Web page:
List of Hindu scriptures

From Infogalactic: the planetary knowledge core
Jump to: navigation, search

Several lists of Hindu scriptures have appeared, and scholars hesitate in defining the term "Hindu scripture" given the diverse nature of Hinduism.[1]

Several lists include only the Vedas, the Upanishads and the Bhagavad Gita as scriptures broadly accepted by Hindus.[1][2] Some lists add some regional texts as the Tantric Agamas, Bhagavata Purana , Yajnavalkya Smriti and Naalayira Divya Prabhandham.[1]

Most of these texts exist in Sanskrit, several others have been composed in regional languages such as Tamil.[3][4] In modern times, most have been translated into other Indian languages and some in Western languages. In ancient times, the scriptures were transmitted orally, from one generation to next, in verse form to aid memorization, for many centuries before they were written down.[5][6]

This list includes all major religious Hindu texts, including the Hindu scriptures, as well.




  • Chandas – (छंदः), the study of Vedic meter, is one of the six Vedanga disciplines, or "organs of the vedas.
  • Chandogya Upanishad – is associated with the Samaveda. It figures as number 9 in the Muktika canon of 108 Upanishads. It is part of the Chandogya Brahmana, which has ten chapters.
  • Charaka Samhita: An early Ayurvedic text on internal medicine. It is believed to be the oldest of the three ancient treatises of Ayurveda.
  • "'Code of Manu"' – is the most important and earliest metrical work of the Dharmaśāstra textual tradition of Hinduism






  • Kamba Ramayanam ({kali puja கம்ப இராமாயணம்): 12th century Tamil version of Ramayana.


  • Mahabharata (महाभारत): One of the two major ancient Sanskrit epics of India, the other being the Ramayana. The Mahabharata is of religious and philosophical importance in India; in particular, the Bhagavad Gita, which is one of its chapters (Bhishmaparva) and a sacred text of Hinduism.
  • Manu Smriti (मनुस्मृति) : The Manusmriti translated "Laws of Manu" is regarded as an important work of Hindu law and ancient Indian society. Manu was the forefather of all humans and author of Manu Smriti.


The Nalayira Divya Prabandham (Tamil: நாலாயிர திவ்ய பிரபந்தம்) is a collection of 4,000 Tamil verses (Naalayira in Tamil means 'four thousand') composed before 8th century AD,[1] by the 12 Alvars, and was compiled in its present form by Nathamuni during the 9th – 10th centuries. The work is the beginning of the canonization of the 12 Vaishnava poet saints, and these hymns are still sung extensively even today. The works were lost before they were collected and organized in the form of an anthology by Nathamuni.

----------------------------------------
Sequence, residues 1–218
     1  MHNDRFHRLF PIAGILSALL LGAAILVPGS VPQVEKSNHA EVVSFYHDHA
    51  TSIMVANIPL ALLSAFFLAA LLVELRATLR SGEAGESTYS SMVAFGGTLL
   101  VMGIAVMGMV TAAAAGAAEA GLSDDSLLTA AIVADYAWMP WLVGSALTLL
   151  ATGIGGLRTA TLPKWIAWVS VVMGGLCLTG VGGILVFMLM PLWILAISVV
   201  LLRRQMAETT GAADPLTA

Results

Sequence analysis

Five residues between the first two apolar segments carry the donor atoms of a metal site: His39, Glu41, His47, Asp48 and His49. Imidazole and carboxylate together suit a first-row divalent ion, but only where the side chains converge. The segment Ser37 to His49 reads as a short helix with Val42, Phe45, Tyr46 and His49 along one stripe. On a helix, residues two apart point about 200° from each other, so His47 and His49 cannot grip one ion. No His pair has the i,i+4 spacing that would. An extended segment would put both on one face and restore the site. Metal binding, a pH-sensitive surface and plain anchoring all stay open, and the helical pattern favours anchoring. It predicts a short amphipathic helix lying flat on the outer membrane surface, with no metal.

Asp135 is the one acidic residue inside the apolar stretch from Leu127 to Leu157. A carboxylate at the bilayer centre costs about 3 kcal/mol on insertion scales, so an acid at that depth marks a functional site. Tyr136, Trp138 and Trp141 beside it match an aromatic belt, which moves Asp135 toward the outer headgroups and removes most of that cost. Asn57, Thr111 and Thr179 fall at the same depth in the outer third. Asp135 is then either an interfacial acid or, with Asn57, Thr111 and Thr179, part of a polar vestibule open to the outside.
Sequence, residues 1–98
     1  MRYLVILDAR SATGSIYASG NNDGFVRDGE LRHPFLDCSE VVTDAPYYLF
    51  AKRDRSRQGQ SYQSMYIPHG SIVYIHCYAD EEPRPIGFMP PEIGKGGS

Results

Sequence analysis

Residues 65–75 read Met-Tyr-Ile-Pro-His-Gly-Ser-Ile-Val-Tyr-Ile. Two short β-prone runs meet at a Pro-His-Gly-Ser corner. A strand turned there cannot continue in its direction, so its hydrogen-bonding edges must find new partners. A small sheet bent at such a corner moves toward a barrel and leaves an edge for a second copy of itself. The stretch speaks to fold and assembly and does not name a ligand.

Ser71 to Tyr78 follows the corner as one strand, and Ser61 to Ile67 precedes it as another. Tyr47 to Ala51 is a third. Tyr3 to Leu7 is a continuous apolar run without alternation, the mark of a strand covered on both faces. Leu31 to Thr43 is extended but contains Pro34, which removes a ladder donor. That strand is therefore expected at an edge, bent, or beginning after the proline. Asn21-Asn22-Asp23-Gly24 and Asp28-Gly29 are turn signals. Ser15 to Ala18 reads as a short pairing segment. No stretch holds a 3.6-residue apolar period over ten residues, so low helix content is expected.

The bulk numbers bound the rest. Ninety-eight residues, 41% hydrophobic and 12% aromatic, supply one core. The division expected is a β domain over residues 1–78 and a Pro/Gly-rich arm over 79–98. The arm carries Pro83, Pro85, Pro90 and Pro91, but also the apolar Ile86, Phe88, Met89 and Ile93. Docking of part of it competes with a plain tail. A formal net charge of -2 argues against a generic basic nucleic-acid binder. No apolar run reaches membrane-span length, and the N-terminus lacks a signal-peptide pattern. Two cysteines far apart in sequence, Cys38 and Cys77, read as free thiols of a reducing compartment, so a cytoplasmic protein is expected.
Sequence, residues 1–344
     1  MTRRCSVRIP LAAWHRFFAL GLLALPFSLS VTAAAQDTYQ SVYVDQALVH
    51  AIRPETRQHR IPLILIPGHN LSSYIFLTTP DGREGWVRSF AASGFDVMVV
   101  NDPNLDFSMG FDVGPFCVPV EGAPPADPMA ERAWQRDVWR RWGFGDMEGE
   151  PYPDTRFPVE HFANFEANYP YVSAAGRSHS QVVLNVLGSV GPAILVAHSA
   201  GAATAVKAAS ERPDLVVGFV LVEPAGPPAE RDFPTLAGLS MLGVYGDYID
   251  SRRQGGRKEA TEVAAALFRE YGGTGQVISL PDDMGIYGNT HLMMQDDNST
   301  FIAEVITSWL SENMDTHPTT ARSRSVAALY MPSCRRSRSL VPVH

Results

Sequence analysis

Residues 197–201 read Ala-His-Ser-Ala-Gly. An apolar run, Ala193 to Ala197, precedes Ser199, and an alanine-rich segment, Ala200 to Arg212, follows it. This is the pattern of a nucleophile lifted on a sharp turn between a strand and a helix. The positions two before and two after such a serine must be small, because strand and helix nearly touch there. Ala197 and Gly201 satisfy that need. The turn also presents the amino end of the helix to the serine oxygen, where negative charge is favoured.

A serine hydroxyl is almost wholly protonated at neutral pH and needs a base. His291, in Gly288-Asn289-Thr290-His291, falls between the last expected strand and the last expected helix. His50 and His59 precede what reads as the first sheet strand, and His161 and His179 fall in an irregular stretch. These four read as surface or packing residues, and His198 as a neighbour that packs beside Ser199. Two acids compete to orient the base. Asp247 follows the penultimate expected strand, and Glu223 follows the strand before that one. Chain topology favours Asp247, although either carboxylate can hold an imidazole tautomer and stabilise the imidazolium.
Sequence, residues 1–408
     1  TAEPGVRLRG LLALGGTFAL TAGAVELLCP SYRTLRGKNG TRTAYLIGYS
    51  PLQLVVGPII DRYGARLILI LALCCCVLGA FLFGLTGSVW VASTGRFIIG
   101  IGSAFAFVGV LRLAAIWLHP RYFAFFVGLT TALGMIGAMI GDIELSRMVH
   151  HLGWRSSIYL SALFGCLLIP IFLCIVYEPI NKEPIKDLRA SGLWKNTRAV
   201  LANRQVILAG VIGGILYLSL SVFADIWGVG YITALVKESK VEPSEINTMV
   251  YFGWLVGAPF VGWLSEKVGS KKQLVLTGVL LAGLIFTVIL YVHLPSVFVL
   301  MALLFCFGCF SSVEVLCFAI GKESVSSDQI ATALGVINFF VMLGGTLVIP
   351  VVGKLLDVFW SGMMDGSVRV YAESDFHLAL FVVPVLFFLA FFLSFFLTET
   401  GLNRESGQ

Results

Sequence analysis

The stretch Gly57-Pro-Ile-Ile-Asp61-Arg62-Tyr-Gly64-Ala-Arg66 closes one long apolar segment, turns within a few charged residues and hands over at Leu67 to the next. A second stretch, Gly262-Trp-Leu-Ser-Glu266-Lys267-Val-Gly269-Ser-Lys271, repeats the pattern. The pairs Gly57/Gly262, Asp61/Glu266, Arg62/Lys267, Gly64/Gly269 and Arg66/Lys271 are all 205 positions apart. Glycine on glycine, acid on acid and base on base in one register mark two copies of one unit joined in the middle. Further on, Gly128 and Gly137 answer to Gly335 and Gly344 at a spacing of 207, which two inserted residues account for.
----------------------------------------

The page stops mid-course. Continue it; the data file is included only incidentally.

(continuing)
• Purana (पुराण): Purana meaning "ancient" or "old" is the name of a genre (or a group of related genres) of Indian written literature (as distinct from oral literature). Its general themes are history, tradition and religion. It is usually written in the form of stories related by one person to another.



  • Sahasranama – a book containing a list of names of deities
  • Sama Veda – one of the four Vedas
  • Shiva Samhita: is one of the three classical treatises on Hatha Yoga (see also: Gheranda Samhita and Hatha Yoga Pradipika) written by an unknown author. The text is addressed by the Hindu god Shiva to his consort Parvati.
  • Shiva Sutras of Vasugupta – a collection of seventy seven aphorisms that form the foundation of Kashmir Shaivism.
  • Smriti – Hindu scriptures other than the Vedas (e.g. the Itihasas, the Puranas)
  • Śruti (श्रुति): A canon of Hindu scriptures. Shruti is believed to have no author; rather a divine recording of the "cosmic sounds of truth", heard by rishis.